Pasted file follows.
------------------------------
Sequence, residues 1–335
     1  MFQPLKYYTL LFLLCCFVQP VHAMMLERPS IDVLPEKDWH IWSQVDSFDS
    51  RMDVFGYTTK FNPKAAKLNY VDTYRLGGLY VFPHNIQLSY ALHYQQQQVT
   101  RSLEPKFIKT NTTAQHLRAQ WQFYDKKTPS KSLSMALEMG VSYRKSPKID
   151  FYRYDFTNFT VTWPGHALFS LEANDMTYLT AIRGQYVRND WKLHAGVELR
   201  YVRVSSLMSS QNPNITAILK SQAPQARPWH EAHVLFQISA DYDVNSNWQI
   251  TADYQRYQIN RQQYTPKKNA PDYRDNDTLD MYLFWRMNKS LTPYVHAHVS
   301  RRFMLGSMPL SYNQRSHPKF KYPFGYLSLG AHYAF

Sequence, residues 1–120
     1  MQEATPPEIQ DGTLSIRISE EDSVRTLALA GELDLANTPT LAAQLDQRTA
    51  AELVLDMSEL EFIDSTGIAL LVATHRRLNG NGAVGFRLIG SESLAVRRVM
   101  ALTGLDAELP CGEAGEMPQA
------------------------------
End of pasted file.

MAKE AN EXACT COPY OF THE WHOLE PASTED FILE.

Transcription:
Sequence, residues 1–335
     1  MFQPLKYYTL LFLLCCFVQP VHAMMLERPS IDVLPEKDWH IWSQVDSFDS
    51  RMDVFGYTTK FNPKAAKLNY VDTYRLGGLY VFPHNIQLSY ALHYQQQQVT
   101  RSLEPKFIKT NTTAQHLRAQ WQFYDKKTPS KSLSMALEMG VSYRKSPKID
   151  FYRYDFTNFT VTWPGHALFS LEANDMTYLT AIRGQYVRND WKLHAGVELR
   201  YVRVSSLMSS QNPNITAILK SQAPQARPWH EAHVLFQISA DYDVNSNWQI
   251  TADYQRYQIN RQQYTPKKNA PDYRDNDTLD MYLFWRMNKS LTPYVHAHVS
   301  RRFMLGSMPL SYNQRSHPKF KYPFGYLSLG AHYAF

Sequence, residues 1–120
     1  MQEATPPEIQ DGTLSIRISE EDSVRTLALA GELDLANTPT LAAQLDQRTA
    51  AELVLDMSEL EFIDSTGIAL LVATHRRLNG NGAVGFRLIG SESLAVRRVM
   101  ALTGLDAELP CGEAGEMPQA